The legacies of eight wordsmiths from the city’s timeline are brought to life by a set of contemporary storytellers, activists and artists on June 14, when the North 2 Shore Festival presents “Readings from Asbury Park” at The Stephen Crane House.
They were the storytellers, poets, journalists, and social crusaders — some famous, some all but forgotten — whose connections to Asbury Park made a deep impression on their words and their works. On the evening of Wed., June 14, their voices will be heard anew, when a collective of contemporary authors, activists and artists, representing numerous aspects and eras of city life, celebrates a community’s rich written legacy while sharing selections from their own body of work.
Presented by the Asbury Park Historical Society as part of the inaugural North 2 Shore Festival, “Readings from Asbury Park: Voices From Our City, Then and Now” stands as a unique offering on the festival’s slate of events; one that draws from the city’s 150-year timeline, as it shines a spotlight on the writers and public speakers who have “painted pictures” and “made music” through the power of the word.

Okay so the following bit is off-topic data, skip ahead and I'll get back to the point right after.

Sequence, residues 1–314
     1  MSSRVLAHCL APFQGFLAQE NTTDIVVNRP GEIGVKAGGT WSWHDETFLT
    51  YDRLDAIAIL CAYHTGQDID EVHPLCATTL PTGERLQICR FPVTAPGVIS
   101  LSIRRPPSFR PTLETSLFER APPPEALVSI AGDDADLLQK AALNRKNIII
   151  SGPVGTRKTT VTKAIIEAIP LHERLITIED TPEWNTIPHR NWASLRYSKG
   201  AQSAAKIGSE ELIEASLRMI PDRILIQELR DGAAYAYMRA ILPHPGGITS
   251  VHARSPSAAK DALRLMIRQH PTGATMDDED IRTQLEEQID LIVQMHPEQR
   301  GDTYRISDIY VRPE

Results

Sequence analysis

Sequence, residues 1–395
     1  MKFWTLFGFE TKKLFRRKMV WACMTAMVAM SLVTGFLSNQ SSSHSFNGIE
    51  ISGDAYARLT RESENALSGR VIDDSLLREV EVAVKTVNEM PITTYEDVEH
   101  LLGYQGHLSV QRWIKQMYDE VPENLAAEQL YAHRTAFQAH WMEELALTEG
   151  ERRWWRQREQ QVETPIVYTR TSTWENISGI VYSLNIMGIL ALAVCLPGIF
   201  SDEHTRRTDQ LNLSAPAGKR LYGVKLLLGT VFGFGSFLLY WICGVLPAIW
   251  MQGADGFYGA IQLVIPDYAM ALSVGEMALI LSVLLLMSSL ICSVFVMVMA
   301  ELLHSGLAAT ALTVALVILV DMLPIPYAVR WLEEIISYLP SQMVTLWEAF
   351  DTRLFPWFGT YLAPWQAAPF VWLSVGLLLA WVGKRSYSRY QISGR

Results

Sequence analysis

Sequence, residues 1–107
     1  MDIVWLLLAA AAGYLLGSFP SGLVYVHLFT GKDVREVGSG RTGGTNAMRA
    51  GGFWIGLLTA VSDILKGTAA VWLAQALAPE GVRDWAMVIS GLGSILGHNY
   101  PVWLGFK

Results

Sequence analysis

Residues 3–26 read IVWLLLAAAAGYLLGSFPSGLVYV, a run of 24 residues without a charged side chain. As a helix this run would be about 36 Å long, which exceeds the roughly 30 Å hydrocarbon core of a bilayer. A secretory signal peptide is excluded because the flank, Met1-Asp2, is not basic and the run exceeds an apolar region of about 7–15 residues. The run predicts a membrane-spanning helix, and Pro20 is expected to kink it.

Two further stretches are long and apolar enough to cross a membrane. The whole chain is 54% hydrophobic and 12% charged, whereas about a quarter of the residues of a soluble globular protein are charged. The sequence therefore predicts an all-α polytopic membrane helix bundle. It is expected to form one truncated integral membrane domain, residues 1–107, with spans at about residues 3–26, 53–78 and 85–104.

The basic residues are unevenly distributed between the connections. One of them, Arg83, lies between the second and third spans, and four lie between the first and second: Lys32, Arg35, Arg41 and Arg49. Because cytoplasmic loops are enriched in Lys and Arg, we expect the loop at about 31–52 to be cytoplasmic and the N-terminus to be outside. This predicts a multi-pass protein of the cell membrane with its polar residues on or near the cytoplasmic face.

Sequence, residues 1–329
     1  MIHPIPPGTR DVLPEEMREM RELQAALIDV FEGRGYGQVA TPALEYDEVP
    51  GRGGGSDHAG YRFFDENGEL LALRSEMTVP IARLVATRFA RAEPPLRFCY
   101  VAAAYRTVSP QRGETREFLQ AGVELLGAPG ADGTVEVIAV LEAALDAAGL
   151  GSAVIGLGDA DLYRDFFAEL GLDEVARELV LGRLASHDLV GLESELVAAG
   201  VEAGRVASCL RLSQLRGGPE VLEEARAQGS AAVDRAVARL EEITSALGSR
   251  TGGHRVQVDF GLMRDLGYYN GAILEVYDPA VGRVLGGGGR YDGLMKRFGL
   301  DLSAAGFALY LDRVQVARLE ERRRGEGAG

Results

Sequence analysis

Funded through a grant from the Newark-based New Jersey Performing Arts Center, the 7:00 p.m. event will be hosted inside the Stephen Crane House at 508 Fourth Avenue, the State and National Historic Site where the world-renowned author of “The Red Badge of Courage” composed his first attempts at fiction, and where he resided while beginning his professional writing career as a teenaged cub reporter for his brother’s boardwalk-based news service.
In the words of Historical Society president Kay Harris, the program “shows the Crane House at its best, as a place where our city’s cultural history comes together — a literary landmark that draws visitors from all over the world, and a real community resource that spans the centuries.”
“The Historical Society is honored to have been selected as one of the grant awardees for this exciting project that recognizes Asbury Park as a premier destination for arts and entertainment,” continued Harris, adding that the Wednesday event “reinforces our organization’s participation in and support of a far-reaching arts and cultural master plan for our city.”